Taking time away from your desk, even when your desk is at home, is extremely important for your mental health and productivity. Stick to your company’s guidelines on breaks and make sure to not short change yourself. If you have to, set a timer and take your full 30-, 45-, or 60-minute break.
Now this one can be a bit tricky during our current COVID-19 reality. But as long as you can maintain social distancing and stay safe, try to get out of the house and into the outdoors at least once during your workday. Take a walk, sit in your backyard or on your balcony, get into your garden.
You may already have a corporate cell phone, but if not, it’s a smart move to set up a separate number for work purposes. It doesn’t have to be a landline or cell phone—a VoIP service like Skype or Google Voice will do the trick. This will help you maintain the all-important work-life balance.
Loneliness is a common side effect of working remotely. Add to that the social distancing measures in effect because of COVID-19, and feeling closed off and isolated is an ever-present danger for everyone. Take this time to digitally connect with your colleagues—Zoom calls after-hours for drinks, playing an online game, or even just chatting throughout the day are all great ways to stay connected.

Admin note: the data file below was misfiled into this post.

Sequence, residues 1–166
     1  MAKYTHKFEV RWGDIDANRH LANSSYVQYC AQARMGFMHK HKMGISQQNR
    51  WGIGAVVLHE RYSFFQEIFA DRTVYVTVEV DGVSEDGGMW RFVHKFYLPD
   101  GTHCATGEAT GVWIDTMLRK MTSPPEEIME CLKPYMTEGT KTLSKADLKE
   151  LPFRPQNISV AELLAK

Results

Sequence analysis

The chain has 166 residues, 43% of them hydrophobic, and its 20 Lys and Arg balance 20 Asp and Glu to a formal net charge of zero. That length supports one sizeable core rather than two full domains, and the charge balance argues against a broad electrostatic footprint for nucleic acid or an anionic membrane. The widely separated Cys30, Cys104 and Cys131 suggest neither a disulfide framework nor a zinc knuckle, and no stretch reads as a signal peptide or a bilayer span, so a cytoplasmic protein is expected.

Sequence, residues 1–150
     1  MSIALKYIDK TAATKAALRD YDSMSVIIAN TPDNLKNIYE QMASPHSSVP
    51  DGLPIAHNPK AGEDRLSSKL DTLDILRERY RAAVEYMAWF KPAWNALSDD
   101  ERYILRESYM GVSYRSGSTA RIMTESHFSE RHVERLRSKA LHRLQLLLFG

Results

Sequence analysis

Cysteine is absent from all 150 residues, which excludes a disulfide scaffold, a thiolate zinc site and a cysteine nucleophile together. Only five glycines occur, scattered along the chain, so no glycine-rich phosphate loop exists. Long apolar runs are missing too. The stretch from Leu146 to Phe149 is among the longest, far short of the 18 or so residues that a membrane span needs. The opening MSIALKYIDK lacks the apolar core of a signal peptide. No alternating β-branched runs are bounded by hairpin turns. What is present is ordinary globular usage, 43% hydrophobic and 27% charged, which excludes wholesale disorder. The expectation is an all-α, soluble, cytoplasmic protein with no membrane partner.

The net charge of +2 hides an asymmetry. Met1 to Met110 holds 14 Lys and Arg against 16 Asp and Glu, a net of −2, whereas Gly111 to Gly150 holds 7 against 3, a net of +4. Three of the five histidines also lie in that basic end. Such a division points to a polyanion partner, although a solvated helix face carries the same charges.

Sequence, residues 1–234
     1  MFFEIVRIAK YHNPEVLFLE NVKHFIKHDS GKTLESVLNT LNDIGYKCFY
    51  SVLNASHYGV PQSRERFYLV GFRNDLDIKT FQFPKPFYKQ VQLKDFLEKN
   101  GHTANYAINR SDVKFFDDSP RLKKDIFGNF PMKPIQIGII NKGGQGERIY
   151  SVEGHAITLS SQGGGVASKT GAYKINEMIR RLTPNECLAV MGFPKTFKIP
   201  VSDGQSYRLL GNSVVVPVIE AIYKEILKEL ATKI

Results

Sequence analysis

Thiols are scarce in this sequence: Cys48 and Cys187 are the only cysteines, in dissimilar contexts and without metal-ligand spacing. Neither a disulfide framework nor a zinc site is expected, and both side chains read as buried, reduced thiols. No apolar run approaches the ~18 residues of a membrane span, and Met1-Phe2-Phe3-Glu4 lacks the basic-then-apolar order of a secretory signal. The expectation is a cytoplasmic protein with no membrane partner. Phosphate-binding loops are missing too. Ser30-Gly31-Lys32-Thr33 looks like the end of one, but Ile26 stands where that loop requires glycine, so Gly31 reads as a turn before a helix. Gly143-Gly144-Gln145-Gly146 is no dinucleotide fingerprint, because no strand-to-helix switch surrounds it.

Even if all you have to contribute to the meeting is hello and goodbye, it’s important to speak up at video conferences and conference calls. You want to make sure that your presence is known and that you can speak up when you do have something to add to the conversation.
If you are working on a team, or if you work with clients, it’s important to constantly communicate with them—share your schedule and availability, tell people when you reach project milestones, and inform everyone about any upcoming time off.
If you are unwell, take a sick day—if sick days and vacation time are part of your compensation package, take the time and report it as per your company’s policies. If you are a freelancer or self-employed, it is equally as important to take vacation and sick days. It’s easy to fall into the trap of never taking a day off, but this is not sustainable. Plan for your vacation, and take sick days when needed.
If you are not in the office, it is easy for people to overlook you for potential training opportunities. You should be actively seeking out these opportunities to ensure you get the training as well as get to spend some face time (even digitally) with colleagues.
As you and your company adjust to this new way of working, it is a given that there are going to be roadblocks in your path. You may miss meetings, internet connections might let you down, and you might find your productivity suffers at first. As you find your groove, these issues will be a thing of the past. Until that time, have grace with yourself and your colleagues.
Above all else, you need to make working from home work for you. There is no one-size-fits-all solution—you need to find what works best for you.